‘Sheffield doesn’t cater for disabled people’: Furious couple slam city centre bus diversions
Do the powers-that-be push a wheelchair?
That’s the question posed by a panting June Luxon, aged 74, after pushing husband Tony in his wheelchair up from Arundel Gate to Tudor Square.
An incline that goes unnoticed by many is a significant challenge for the couple.
It is one of a series of obstacles between the new 88 bus stop and their regular destinations: the theatres and a bank and opticians in Orchard Square.
The couple have teamed up with The Star for the walk, made necessary by the closure of Pinstone and Leopold streets to traffic, to allow social distancing. That led to 27 services being re-routed and new stops further out of the city centre. And it is still provoking fury from passengers almost a year on.
Previously the Luxons, who live on Bellhouse Road, Firth Park, would alight on Leopold Street outside their destination. Now it is a 15-minute walk.
The couple shelter under the canopy outside the Lyceum as it starts to rain. It is a chance for June to catch her breath.
After a few minutes the shower passes and they set off across a glistening Tudor Square which is full of barriers for the World Snooker Championships at the Crucible.
June catches one with the wheelchair but Tony is unhurt and they soon reach level ground on Surrey Street. After crossing Norfolk Street it is easy going, until a swathe of cobbles at the top of Fargate which must be crossed to reach their destination.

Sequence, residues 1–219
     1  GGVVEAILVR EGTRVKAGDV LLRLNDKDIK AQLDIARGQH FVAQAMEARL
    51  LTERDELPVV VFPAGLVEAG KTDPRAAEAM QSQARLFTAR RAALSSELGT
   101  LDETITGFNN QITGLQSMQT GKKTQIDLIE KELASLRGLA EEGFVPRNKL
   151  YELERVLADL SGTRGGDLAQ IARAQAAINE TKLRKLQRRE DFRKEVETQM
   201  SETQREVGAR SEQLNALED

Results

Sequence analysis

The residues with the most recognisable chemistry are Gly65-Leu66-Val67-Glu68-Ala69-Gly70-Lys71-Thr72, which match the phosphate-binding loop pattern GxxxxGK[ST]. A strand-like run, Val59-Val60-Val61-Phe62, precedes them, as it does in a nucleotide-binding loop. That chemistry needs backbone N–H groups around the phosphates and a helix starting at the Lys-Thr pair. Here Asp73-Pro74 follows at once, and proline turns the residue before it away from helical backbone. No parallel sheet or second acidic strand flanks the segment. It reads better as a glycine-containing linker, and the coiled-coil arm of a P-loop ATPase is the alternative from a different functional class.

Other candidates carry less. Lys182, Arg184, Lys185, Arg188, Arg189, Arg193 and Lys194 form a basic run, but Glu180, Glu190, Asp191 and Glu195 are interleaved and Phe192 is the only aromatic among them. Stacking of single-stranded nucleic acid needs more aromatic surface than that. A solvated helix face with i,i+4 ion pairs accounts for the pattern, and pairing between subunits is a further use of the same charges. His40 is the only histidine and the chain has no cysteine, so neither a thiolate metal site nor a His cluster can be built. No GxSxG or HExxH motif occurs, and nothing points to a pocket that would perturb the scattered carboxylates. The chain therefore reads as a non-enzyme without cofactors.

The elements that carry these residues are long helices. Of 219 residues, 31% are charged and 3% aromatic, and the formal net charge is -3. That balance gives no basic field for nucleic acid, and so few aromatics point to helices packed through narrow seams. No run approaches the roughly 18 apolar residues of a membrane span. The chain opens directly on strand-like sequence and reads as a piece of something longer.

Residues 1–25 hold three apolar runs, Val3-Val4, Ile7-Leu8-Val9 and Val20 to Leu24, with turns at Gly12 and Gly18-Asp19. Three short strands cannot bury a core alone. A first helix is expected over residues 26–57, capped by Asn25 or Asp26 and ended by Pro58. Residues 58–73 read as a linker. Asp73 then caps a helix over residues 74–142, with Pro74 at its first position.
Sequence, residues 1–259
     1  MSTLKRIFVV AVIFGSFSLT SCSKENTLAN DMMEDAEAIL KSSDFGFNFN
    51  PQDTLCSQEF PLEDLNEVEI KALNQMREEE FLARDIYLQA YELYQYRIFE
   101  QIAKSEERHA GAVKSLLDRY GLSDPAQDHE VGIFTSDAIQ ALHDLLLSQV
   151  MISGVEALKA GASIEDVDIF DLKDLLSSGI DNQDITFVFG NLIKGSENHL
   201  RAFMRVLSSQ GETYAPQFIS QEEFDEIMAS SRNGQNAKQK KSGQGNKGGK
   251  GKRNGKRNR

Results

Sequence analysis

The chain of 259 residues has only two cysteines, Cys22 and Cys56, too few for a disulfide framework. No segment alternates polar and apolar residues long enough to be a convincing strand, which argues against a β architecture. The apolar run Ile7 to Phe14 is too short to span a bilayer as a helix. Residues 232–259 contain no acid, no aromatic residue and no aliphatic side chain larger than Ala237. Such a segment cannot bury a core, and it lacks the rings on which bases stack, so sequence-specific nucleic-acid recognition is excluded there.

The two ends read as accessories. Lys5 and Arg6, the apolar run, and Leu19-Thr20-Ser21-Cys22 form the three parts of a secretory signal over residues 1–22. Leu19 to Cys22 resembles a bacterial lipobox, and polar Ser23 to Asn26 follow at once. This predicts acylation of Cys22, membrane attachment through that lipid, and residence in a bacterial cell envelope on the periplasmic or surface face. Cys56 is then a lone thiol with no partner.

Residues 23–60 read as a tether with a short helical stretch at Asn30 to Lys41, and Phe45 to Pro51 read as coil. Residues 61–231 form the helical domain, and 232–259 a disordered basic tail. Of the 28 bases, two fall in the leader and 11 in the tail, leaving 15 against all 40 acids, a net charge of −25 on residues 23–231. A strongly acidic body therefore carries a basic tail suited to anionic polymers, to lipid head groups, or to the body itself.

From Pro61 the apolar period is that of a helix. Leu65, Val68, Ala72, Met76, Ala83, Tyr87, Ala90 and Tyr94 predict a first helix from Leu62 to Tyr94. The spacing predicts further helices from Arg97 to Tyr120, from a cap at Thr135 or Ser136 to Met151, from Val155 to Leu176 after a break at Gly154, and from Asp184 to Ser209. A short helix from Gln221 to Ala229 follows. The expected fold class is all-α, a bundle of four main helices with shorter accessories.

June said: “I’m told this will get me fit, but I’m fit to drop.
“You don’t realise there are lots of little inclines and obstacles in Sheffield. Do the powers that be push a wheelchair? They only care about the fit and healthy. Sheffield doesn’t cater for disabled people.
“My health is pretty good now, but in a couple of years it might not be.”
The road closures have also sparked protests from businesses who say it will cost them trade. As well as Arundel Gate, bus stops have been moved to Carver Street and Rockingham Street up to a quarter of a mile away.
June added: “If it stays like this we won’t come to town as much.”
Tony, aged 79, added: “They are shutting down town.”
It was the former steelworker’s first trip into the city after shielding for more than a year and only June’s second. Now, both have had two jabs and feel safe.
But the bus situation stands in their way.
They buy a hot chocolate from Greggs and sit on a bench in the Peace Gardens until rain threatens again and they move into an old bus shelter on Pinstone Street.
Now it is just a shelter, although if the road closures are made permanent, as seems likely under the £10m Connecting Sheffield ‘active travel’ scheme, they will probably be removed.
June added: “It’s all right if you can cycle, but our cycling days have gone. I've spoken to people and no one knows about these changes, I think it has been done underhand.”
Last month, June says she emailed 78 Sheffield councillors challenging them to push her husband from Arundel Gate to Orchard Square. Although (only) eight replied, none took her up on it.